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So climbing is a thrill sport. And climbers love the risk, the adrenaline, and reward of a challenging ascent. They work progressively harder routes as the .9's, .10's and .11's grow too easy. They love to tell or hear stories of tricky moves, big falls and close calls. So why aren't there more climbers out there making good use of one of the most readily-available extra-challenge resources available: DARKNESS?


Afraid of the Dark
by Sandra Cherrington

"Just relax, Find some good  feet," I could faintly hear the words of encouragement from below.

"Feet?  Feet I've got, its hands I need."  I called down into the darkness. I shifted my left foot, rotating my heal closer to the rock trying to keep it from shaking with fatigue.  My toes felt cramped in the climbing boots that were holding me on the wall and my fingers tingled from holding on to the sharp overhang in front of me.  The hold kept my upper body from tumbling backwards, but for how long?   I couldn't stay here for ever.  It was either get it together and find another hand hold or fall, rushing past the quick draw a few feet below, waiting for the slack to catch up with me and jerk my harness to a stop.

"Maybe this was a bad idea."  I muttered under my breath feeling around in the crack for something secure.   The faint breeze carried my words away into the cool night and my  mind flashed to the previous scene.

"Do you still want to climb tonight?"  I said just loud enough to be heard over the music from the television but not  wake his roommate sleeping in the next room.   He yawned, rolled on his side and looked into my eyes.  I knew   what his answer would be but I still half hoped he would say no.  I could tell he was tired and I thought his heavy eyelids might keep him from getting off the couch and packing the gear.

Was I kidding myself?  I loved to climb, I wanted to climb. . . so why the nagging desire to stay warm and cozy here?  I had been reading a climbing book the past few days, picking it up during the lulls at work, studying finger jams and liebacking, completely amazed by the depth and complexity of  my new favorite pastime. I had been itching to try the new things I was reading about but now, on the brink of departing to test the rock, why was I hesitating?

Now I knew why.  I tightened my grip on  the rock.  My heart pumped faster and adrenalin shot through my veins.   I was afraid.  I imagined losing my purchase and coming off the wall.  Falling through the air and coming back against the rock with a thud.  But I didn't fear the fall, I trusted that the rope would catch me.  I wasn't worried about contacting with the rock face, I had been scraped and bruised before.  The part that filled me with  fear was the thought that if I fell I wouldn't want to get up again.  I would dangle there in the silence and darkness waiting for my heart to slow, listening to the encouraging words from below, a caring voice coming from the darkened abyss telling me to get up and try, try again.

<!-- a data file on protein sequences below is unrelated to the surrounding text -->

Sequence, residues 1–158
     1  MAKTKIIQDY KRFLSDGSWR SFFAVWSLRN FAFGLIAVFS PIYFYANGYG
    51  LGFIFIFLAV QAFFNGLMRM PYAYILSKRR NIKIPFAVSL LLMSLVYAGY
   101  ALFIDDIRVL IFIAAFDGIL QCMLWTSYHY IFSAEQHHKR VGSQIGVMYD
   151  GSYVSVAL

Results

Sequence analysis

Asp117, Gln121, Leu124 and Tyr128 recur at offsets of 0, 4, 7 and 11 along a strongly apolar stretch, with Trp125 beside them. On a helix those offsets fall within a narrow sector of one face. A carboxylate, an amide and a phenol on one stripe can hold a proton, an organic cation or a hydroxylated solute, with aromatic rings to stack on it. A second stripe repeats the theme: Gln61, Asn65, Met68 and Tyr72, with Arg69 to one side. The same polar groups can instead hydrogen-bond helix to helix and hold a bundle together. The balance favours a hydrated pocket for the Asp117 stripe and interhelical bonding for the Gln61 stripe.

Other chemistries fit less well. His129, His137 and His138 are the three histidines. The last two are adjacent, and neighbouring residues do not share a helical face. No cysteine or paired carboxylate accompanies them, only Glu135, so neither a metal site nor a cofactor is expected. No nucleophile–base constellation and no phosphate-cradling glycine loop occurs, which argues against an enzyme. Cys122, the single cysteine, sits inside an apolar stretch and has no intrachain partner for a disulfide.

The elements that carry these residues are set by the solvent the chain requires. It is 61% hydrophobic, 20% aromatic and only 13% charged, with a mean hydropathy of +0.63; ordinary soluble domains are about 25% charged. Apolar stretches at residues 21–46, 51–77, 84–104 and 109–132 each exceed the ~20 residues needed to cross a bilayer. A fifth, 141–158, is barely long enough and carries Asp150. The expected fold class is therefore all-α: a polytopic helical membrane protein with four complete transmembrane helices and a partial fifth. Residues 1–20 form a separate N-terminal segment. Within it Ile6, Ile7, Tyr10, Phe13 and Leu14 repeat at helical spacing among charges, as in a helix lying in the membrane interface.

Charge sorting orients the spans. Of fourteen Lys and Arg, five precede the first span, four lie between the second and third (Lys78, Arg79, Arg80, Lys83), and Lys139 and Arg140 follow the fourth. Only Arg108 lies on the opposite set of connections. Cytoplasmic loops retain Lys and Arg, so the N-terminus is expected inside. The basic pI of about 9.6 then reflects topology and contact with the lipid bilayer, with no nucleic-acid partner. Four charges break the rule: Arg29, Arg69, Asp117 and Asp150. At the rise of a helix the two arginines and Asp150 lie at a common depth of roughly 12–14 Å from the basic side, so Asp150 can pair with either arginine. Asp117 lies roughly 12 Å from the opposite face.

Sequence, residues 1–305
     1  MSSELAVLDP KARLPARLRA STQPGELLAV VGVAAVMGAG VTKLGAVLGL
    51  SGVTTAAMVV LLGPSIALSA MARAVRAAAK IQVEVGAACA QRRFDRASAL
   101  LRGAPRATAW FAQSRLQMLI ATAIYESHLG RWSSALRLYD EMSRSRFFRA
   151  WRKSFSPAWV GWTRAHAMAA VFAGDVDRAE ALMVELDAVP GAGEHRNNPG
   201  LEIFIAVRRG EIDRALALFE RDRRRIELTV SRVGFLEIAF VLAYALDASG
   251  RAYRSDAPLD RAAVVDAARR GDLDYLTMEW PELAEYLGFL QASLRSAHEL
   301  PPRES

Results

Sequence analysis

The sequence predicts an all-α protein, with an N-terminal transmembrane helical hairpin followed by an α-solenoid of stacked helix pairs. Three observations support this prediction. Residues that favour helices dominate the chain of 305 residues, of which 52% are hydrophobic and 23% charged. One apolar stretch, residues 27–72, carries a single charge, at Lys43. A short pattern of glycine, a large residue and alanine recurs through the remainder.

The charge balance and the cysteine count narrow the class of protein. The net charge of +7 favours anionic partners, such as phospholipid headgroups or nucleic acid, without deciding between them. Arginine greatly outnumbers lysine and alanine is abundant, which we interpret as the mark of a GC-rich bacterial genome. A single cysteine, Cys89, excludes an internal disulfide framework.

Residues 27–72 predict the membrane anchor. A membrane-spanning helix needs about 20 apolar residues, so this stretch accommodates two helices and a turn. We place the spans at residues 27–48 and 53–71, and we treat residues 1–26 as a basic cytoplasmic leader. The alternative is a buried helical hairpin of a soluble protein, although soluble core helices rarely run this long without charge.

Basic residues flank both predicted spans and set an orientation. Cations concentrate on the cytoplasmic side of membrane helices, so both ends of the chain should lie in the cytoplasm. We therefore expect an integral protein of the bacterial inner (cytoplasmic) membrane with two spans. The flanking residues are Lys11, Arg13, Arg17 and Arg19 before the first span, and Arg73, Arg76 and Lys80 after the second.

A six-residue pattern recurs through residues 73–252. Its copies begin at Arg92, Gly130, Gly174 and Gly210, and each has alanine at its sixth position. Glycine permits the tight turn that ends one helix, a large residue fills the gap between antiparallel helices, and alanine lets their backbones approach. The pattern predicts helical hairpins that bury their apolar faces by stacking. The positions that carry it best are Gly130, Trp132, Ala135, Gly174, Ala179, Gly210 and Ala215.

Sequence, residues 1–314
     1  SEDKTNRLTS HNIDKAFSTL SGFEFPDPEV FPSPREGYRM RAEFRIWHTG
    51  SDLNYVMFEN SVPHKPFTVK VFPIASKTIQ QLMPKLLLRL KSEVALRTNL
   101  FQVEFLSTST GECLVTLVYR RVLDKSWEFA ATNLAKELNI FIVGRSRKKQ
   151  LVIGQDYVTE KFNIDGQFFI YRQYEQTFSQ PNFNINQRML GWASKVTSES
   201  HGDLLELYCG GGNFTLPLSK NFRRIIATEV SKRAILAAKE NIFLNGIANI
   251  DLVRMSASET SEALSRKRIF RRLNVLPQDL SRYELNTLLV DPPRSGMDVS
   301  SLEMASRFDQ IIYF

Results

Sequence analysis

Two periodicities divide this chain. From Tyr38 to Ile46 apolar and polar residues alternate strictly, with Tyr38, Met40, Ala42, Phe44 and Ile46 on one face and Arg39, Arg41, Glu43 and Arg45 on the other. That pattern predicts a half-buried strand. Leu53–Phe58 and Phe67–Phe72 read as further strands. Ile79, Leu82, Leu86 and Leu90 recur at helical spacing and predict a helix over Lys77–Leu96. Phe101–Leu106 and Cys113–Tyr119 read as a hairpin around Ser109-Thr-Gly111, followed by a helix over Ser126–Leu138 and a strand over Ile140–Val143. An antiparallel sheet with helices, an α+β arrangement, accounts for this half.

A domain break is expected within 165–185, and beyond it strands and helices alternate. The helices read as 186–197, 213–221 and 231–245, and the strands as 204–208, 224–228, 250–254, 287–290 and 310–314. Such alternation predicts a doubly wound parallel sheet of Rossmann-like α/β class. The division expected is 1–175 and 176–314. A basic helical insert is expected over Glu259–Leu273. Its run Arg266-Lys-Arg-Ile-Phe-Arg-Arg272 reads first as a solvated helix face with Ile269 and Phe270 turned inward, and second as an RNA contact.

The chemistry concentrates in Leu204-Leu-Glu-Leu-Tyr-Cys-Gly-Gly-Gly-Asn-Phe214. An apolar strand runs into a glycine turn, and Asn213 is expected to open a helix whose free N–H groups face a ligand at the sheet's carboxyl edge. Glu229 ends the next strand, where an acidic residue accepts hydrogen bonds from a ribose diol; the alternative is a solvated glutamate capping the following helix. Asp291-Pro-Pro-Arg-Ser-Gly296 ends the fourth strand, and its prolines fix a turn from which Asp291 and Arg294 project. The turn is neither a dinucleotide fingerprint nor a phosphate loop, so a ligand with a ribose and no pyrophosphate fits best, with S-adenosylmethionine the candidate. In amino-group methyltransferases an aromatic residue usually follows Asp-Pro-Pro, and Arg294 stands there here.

But what if I didn't?  What if I was too afraid? What if I said that I'd  had enough?  That one try was sufficient for me.  It wasn't the falling I feared, it was the failing.I would never reach the top if I didn't risk moving up to another hold. I shifted my weight and stretched my hand higher than I had before.  No one reaches greatness by staying within the safety of their present situation.

I crammed my finger tips into a thin crack and moved my foot up to a rough spot.   Flexing the muscle in my legs, I propelled my body upwards.    War heros show off their battle wounds, not an  early ticket home.  I wouldn't let myself take the first train back. My fingers ached from the pressure of my weight and my holds didn't feel totally secure.  I jammed  the toe of my opposite  foot higher in the crack and kept moving.  Moonlight flooded the cliffs around me as I grasped the final holds and pushed up with my feet. 

The silver chain of the top anchor glimmered before my eyes and I clipped in. Rotating in my harness I could see out over the valley.  Electric lights from the city surrounded the dark void of the lake.  Distant stars twinkled and thin clouds passed over the shining half moon.    The quiet of the canyon was all around me, whispering past me on the wind.  I breathed in the moment, letting the peace settle deep inside my soul.  The peace of the beauty, the peace of the quiet  darkness.   The peace of breaking through my fears to reach the greatness beyond.

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Laura reaches for a high side pull on Community Effort (5.9) in Logan Canyon


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Curtis rises from the void


Night Climbing comes with a bit of its own unique jargon:

White Point: you know what a red point is, right? A successful ascent of a route with no falls or cheating on the rope. A White Point is the same thing, only in the dark using artificial life.

Black Point: a White Point but using no artificial light. The moon is okay.

Eclipse: you know what a flash or on-sight is, right? A red point the first time you ever try or even see a route. An Eclipse is the same thing, only at night with no artificial light.

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